Hearing Uncle Roy's story told so fully and lovingly, I could not help but think also about my dad. Both brothers had deep veins of responsibility laid in them by their father, an inspector of schools who was also the teacher, police officer, judge and, come Sunday, the minister in the tiny country village of Wait-a-bit where they were raised. For both brothers, work always came first, but after, they would drink to quell the swirl of excess emotion and anxiety that I believe was their genetic birthright, one I have certainly inherited. The drinking did not derail their lives, because the instinct to take care of loved ones was so much their core. Both men rose to the pinnacle of their careers, Uncle Roy in sports management and later music administration and my dad in law. Their work ethic and character were such that people did not hesitate to put their trust and their business in their hands. But it was painful for family members to watch them destroy themselves slowly with alcohol.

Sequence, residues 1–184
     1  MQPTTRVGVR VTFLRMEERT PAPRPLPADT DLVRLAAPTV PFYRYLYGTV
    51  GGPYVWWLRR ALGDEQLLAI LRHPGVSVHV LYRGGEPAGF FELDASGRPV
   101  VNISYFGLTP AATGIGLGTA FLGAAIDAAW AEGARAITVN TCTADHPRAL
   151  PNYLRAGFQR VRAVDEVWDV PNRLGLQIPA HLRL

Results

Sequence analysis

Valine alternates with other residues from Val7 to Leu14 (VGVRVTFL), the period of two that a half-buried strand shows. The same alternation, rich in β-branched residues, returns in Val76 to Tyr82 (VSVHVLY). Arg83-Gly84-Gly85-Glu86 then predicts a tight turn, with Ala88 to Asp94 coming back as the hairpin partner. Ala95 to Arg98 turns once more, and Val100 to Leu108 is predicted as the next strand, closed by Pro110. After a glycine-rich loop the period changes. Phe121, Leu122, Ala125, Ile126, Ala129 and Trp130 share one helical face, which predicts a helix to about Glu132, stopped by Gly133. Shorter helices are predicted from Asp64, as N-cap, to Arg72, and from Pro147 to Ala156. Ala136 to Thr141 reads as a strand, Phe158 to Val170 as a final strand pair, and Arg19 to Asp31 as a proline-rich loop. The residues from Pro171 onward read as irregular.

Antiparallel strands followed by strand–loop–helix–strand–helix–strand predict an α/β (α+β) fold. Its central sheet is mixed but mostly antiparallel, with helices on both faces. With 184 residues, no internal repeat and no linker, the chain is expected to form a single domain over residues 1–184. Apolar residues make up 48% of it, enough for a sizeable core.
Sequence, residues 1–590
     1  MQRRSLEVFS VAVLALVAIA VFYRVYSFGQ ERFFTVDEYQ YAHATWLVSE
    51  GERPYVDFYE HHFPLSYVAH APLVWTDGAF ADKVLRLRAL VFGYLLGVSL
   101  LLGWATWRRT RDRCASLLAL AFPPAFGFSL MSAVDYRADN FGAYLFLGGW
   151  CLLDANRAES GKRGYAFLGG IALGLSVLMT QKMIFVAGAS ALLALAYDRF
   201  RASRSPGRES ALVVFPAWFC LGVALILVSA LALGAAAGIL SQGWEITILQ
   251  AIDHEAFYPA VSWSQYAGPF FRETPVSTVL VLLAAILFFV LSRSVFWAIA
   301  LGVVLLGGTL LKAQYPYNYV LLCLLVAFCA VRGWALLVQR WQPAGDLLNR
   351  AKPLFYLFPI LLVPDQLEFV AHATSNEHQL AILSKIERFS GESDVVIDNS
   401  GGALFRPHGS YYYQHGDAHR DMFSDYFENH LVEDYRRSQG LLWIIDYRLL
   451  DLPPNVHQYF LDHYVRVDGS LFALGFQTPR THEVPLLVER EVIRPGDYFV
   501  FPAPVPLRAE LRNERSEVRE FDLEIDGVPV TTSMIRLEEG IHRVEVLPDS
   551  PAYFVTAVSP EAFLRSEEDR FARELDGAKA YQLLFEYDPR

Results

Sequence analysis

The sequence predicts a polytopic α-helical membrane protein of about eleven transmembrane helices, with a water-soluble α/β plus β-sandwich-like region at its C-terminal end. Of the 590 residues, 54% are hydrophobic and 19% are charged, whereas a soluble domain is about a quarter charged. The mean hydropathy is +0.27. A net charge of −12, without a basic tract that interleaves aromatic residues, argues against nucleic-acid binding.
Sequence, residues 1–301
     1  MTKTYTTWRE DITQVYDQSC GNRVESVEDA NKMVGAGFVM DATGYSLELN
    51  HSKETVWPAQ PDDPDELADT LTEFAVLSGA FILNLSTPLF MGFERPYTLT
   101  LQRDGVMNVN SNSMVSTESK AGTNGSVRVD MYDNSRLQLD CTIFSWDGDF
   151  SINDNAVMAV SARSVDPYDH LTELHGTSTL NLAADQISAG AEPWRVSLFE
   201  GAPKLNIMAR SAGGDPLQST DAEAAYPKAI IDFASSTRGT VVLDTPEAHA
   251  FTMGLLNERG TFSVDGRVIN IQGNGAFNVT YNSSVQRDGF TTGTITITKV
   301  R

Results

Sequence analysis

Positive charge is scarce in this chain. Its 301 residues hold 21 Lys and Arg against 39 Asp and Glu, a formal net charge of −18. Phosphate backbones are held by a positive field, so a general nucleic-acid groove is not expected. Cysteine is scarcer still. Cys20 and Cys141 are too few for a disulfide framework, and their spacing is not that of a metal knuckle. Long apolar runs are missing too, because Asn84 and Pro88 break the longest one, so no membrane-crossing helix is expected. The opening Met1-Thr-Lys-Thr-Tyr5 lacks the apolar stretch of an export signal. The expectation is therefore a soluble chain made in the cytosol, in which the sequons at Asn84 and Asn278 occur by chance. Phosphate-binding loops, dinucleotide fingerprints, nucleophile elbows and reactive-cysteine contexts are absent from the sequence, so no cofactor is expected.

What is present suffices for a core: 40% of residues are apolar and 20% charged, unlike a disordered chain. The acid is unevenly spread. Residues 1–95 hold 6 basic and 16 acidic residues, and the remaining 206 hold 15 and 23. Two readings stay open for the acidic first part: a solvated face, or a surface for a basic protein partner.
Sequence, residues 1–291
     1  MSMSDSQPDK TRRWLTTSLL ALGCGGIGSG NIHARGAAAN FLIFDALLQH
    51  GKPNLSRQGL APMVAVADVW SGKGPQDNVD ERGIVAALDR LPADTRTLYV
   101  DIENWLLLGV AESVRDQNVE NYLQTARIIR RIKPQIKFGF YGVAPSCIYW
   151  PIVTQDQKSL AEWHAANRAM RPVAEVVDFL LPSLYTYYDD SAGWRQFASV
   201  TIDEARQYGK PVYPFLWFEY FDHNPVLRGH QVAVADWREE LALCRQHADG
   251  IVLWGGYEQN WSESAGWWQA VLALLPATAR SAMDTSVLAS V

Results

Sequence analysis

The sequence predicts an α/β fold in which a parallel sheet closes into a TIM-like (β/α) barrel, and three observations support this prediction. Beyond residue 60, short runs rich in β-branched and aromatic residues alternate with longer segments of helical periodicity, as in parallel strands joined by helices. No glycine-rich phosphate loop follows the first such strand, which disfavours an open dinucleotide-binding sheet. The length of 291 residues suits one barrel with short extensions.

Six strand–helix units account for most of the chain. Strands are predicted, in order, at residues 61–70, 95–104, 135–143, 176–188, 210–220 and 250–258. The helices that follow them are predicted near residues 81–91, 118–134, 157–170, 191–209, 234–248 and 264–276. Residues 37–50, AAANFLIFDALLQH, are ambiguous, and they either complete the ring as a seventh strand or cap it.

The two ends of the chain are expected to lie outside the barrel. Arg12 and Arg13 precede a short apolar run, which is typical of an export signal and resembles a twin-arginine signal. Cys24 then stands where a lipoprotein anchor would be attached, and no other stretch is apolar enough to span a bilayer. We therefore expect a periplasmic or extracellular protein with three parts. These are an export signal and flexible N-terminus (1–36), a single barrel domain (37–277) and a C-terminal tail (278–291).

Uncle Roy's children admired him deeply, all the more so for the way he faced the significant challenges of his life: His two wives, both of whom he loved deeply, died of cancer. He was married to each one for exactly 23 years, and each one died on February 1, the first in 1974, the second in 2006. It happened the same way both times. My aunt, the mother of my four cousins, felt particularly unwell one evening, and Uncle Roy offered to make her tea. By the time he returned with the steaming cup, she had quietly expired. Ten years later he wed a second time, another true love whom his children and later his grandchildren fully embraced. Twenty three years later, again the cancer, again the offer to make tea, only to return and find his beloved had slipped away.
But for all the sorrow that touched his life, my uncle was luckier than most. I looked at his four children and their spouses, his nine grandchildren, and four great grandchildren standing together in celebration of him, and I thought, Uncle Roy did well. He had almost died as an infant, his son told the church. His mother had handed him to a neighbor because she could not bear for another of her children to die in her arms. She had already lost twin daughters and another son. Instead Uncle Roy rallied and lived "a full life touched by immeasurable grace," his son Paul said. It is why I think there was less sadness in the church than there usually is at such send-offs. After 85 years on this earth, Uncle Roy chose his time.